Trump incarcerated. Graphic: Pixabay/Perlinator Trump incarcerated. Graphic: Pixabay/Perlinator

The Stand Up to Trump organising summit is exactly the kind of rallying cry our international movement needs, asserts Chris Nineham   

Donald Trump’s presidency has created an international outcry. It has sparked some of the biggest protests in US history including not just mass demonstrations but direct action, walkouts, cultural protests and political boycotts.

There has been a wave of protests beyond the US with Britain at the forefront of the movement.

Here we have had an enormous women’s march, two separate days of national actions with another one planned for Monday.

The speaker of the House of Commons has ruled that Trump would not be welcome in Parliament, various local MPs and councils have insisted that Trump would not be welcome in their cities, close to two million people have signed a petition against Trump coming and opinion polls show clear majorities against Trump being invited.

Trump’s hateful cocktail of domestic and foreign policies and personal attitudes has united whole swathes of the world’s population in a gathering rebellion.


The openly racist Muslim ban has angered millions. Trump’s gross sexism has insulted women around the world, his provocative foreign policy positions have generated fear and loathing in equal measure.

He is also mounting a huge attack on workers’ rights as well as publicly funded services, and he is also preparing for a massive assault on wages.

It is in this context that Theresa May took it upon herself to rush to Washington, welcome the new president, hold his hand and invite him over to Britain post haste.

This was a complete travesty of popular opinion. The so-called special relationship has been a disaster for people in Britain and the world in the last few decades.

It brought us the Thatcher-Reagan partnership which was a vital platform for the global neoliberal experiment and the Blair-Bush alliance which brought us Iraq and the mayhem that followed in its wake.

But a special relationship with Trump will be a new low. It will help normalise his backward attitudes, pull us into new and even more dangerous wars and draw us into deeply damaging economic deals.

A trade agreement with the US under Trump would be a privatisers’ charter.

It would accelerate the race to the bottom in terms of social and trade union rights and open up the NHS and swathes of the welfare state to US corporate takeover.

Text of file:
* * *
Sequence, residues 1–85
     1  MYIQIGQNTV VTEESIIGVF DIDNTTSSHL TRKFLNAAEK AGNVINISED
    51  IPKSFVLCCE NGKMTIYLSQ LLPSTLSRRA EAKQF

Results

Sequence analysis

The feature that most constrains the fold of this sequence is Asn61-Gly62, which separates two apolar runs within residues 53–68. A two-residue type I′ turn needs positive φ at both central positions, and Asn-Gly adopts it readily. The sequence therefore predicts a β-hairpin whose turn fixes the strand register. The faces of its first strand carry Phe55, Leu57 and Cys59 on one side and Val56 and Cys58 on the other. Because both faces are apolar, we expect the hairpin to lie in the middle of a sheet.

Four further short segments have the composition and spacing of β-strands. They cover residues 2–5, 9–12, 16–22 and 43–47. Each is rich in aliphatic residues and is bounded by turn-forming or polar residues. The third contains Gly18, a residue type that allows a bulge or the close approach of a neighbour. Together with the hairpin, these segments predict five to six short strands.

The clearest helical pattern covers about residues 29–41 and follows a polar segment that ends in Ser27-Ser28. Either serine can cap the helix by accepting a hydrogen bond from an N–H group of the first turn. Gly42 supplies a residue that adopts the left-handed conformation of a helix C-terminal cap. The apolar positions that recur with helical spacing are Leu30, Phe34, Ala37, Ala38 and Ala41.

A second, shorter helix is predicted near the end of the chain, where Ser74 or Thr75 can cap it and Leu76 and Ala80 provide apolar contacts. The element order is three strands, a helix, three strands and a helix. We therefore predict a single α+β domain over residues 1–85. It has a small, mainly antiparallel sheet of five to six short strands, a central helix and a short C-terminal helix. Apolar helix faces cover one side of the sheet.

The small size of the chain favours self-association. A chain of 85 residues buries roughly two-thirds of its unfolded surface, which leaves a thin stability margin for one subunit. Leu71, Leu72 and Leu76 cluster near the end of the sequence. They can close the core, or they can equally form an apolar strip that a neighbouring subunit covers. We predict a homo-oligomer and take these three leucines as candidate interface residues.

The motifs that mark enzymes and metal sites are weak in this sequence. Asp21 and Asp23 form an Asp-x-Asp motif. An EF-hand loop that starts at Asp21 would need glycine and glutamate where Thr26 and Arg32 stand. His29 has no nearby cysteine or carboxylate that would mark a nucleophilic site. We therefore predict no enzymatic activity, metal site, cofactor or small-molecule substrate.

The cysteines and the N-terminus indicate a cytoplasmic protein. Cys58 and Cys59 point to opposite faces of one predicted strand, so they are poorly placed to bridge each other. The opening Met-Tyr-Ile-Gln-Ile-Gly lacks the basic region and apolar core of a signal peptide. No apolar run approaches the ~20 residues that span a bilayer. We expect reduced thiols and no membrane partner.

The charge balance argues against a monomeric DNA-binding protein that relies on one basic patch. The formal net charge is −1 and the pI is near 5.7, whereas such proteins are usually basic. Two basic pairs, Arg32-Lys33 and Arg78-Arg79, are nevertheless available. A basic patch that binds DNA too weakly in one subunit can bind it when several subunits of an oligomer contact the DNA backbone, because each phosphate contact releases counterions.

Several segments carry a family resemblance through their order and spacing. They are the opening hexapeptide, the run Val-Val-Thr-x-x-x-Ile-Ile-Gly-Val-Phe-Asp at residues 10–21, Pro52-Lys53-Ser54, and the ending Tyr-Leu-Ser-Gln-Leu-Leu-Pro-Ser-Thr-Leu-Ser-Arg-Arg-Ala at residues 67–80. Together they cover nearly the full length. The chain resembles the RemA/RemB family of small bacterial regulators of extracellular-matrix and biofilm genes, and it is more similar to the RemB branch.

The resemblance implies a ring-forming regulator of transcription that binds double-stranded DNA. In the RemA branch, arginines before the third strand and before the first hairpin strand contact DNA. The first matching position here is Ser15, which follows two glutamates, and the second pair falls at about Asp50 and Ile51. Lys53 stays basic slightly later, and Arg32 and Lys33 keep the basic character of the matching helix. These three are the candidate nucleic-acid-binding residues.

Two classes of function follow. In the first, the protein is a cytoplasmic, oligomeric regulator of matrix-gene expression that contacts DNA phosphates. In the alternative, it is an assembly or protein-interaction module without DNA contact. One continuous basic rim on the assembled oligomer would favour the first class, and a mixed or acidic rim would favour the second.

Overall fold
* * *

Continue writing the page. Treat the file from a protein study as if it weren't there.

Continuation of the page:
For all these reasons the campaign against Trump’s visit takes on historic importance.


The Stand up to Trump Committee was formed with the backing of key unions, a host of campaigning groups including Stop the War, Stand up to Racism and the People’s Assembly, Muslim organisations, women’s groups and community organisations.

This Saturday it is hosting a national organising summit at the Friends Meeting House in London.

The event allows activists, organisations and individuals to come together to discuss and plan how best to step up the already massive pressure to get Trump’s invitation withdrawn.

It will be a chance to deepen the campaign nationally and ensure that there are growing coalitions against Trump in every town and city around the country.

It is this kind of rooted, localised organisation that will be necessary to ensure a massive mobilisation should the visit go ahead.

The event will begin with testimonies from a wide range of communities and groups outlining exactly why they oppose Trump and his political, social and economic agenda.

There will be speakers from a range of Muslim organisations, from Health Campaigns Together, Momentum, trade unions and the NHS, LGBT and Kurdish communities, Jewish organisations, women’s groups and many more.

As the day progresses the summit will discuss various aspects of organising including how to get into workplaces, organise in universities and schools and how to use social media most effectively.


This is a huge opportunity to strengthen the movement against Trump and all that he represents.

It is imperative that every part of society is involved in the fight against Trump nad that no community is left out.

President Trump is looking weaker by the day, there have already been senior team resignations and push-backs all fronts.

Saturday’s event is part of an international campaign to radically change the political landscape and put oppressed groups at the heart of a campaign against a toxic president and the crisis-wracked system he represents.

Unity is key. This is a project which can draw in people who have never been involved in politics before.

The stakes are high, but if we build quickly on the campaigning that has already been done, we have the strength to win.

Politics is about more than what goes on in Parliament.

It is about what happens out on the streets. When Trump comes to visit, we are going to make sure everyone is out.

Chris Nineham

Chris Nineham is a founder member of Stop the War and Counterfire, speaking regularly around the country on behalf of both. He is author of The People Versus Tony Blair and Capitalism and Class Consciousness: the ideas of Georg Lukacs.